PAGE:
Aaron Schneider’s Greyhound gets the job done, but that’s about it
Maybe, like me, you’re in just the right mood for something like Greyhound, a taut, exciting, no-nonsense war movie that weighs in, less the end credits, at one hour and twenty-three minutes. The film’s brevity is true to the virtues it respects: clear, coolheaded professionalism, all egos checked, a well-oiled machine of well-trained men getting the job done. (Doesn’t that sound refreshing right about now?) There’s hardly any griping, one or two mistakes corrected and acknowledged without much anger. Tom Hanks, who stars and also wrote the script based on C.S. Forester’s 1955 novel The Good Shepherd, seems to be interested only in the moment-to-moment details, orders, repetitions of orders, and decisions made under the highest of pressures. Hanks, as Commander Ernest Krause, doesn’t get much dialogue that isn’t about the task at hand: guiding three destroyers to escort a convoy of allied ships to Liverpool.
Unfortunately, U-boats are in the way, and the commander of one of them, Grey Wolf, taunts Krause and his crew over the radio at every opportunity; this creepy, bodiless voice is so evil it comes from Thomas Kretschmann, that dab hand at Nazis, vampires, and general sadists. Krause ignores this voice and presses on. Given that Krause is a fictional character — and given to much more self-doubt in the Forester book — Hanks makes him a little too noble. Krause is the kind of man who stops a messenger to ask that he append “thank you” to a standard acknowledgment. He says his prayers, has a patient woman back home (Elisabeth Shue), and takes no particular pleasure in sending U-boat sailors to Davy Jones’ locker. “Fifty less krauts,” enthuses one of his men. “Fifty souls,” Krause clarifies. “Fifty fewer krauts,” the grammarian in me snarked.
Hanks, who enacts stoic heroism and its underpinnings of vulnerability as well as he ever has, wants us to see Krause as just a man doing his job the best he can. Krause’s equivalent to Horvath, the beefy sergeant who played right-hand man to Hanks in Saving Private Ryan, is Stephen Graham’s Cole, the second in command. There’s no “I thought you were my mother” banter between the men here, though; the dialogue Hanks has written is almost exclusively naval-wonk jibber-jabber, and while it adds texture to the movie’s fabric of verisimilitude, it doesn’t do much to illuminate the men. Three men die aboard the ship, and the only reason we know one of them is also the film’s diciest aspect. Krause has a black messmate, Cleveland (Rob Morgan), who’s always trying to make sure Krause gets something to eat. I’m sure Hanks wanted to point out that African-Americans fought and died in World War II, but Cleveland comes across as a servant in most of his screen time. Worse, he’s apparently interchangeable with the only other black sailor we see, whom Krause mistakes for Cleveland. I’ll give Hanks the benefit of the doubt and say he was also trying to sketch in the unconscious racism in even so noble a white man as Krause in 1942 — but it did give me pause.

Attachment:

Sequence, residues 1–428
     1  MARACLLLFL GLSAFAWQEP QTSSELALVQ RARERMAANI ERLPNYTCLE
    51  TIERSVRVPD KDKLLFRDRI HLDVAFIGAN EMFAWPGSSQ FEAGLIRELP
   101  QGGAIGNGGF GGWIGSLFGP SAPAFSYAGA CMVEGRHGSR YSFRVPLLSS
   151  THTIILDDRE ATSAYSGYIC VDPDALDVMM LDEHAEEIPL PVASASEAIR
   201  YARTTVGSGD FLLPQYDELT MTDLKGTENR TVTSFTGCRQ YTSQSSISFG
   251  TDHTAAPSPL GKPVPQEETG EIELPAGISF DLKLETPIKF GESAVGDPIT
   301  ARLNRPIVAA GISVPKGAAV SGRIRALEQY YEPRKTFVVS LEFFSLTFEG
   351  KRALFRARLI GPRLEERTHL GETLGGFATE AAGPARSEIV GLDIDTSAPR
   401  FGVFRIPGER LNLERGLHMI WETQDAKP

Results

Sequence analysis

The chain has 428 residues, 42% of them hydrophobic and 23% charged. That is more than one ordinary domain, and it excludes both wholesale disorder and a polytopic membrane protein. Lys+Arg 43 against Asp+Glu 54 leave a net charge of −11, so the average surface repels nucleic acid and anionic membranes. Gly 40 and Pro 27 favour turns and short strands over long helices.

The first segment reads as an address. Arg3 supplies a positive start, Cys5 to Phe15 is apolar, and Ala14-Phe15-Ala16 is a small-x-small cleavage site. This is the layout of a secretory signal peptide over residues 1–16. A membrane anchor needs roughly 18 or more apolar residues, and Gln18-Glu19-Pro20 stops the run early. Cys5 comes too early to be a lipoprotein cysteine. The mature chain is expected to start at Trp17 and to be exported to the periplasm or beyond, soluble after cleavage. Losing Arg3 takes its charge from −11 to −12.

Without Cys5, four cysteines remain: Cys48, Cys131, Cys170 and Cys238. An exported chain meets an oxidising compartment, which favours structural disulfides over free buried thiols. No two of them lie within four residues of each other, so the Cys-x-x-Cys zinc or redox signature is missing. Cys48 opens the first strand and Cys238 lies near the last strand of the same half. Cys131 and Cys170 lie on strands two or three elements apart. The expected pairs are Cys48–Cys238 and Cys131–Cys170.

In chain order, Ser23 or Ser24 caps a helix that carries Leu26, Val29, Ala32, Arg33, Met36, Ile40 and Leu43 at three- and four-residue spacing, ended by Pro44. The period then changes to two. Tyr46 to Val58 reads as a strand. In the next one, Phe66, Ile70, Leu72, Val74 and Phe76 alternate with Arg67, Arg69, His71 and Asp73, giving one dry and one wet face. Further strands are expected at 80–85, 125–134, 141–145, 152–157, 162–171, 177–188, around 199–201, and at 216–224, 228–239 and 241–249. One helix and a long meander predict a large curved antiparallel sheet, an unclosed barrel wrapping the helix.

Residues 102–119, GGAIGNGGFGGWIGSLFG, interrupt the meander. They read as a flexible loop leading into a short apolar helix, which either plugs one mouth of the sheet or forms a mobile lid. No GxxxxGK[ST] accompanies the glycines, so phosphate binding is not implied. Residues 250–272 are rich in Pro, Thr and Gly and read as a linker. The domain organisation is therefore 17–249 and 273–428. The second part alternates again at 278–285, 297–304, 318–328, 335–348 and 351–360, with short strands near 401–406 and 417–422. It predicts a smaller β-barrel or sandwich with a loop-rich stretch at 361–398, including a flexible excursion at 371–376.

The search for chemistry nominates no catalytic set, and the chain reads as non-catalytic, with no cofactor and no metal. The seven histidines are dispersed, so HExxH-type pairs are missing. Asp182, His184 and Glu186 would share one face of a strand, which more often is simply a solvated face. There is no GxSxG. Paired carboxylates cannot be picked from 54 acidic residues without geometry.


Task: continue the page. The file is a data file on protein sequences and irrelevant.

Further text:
Still, the movie goes like a torpedo, directed by Aaron Schneider for maximum momentum and tension. Schneider plays to the strengths of Hanks’ script — its monkish first-this-then-that tempo, similar to Ron Howard’s Apollo 13. The action spans a few days and nights, but it all seems like the same gray-blue, ocean-drizzly whenever. At times, Greyhound comes close to being an abstract war film, a study in human forms rattling off codes and orders and coordinates to each other. If not for the (really kind of needless) prologue with Hanks exchanging gifts with Shue before going off to war, that’s almost what the movie is: a film about machines within machines, protecting or destroying other machines. If this came from Kubrick or Welles or someone comparably mordant, the point would seem to be that war turns men into weapons, literal things of steel and oil. But Tom Hanks is a nice man, and he wouldn’t say such a mean thing. Greyhound is a brisk exercise in military-cinematic precision, but it might leave you as hungry as Krause must be near the end.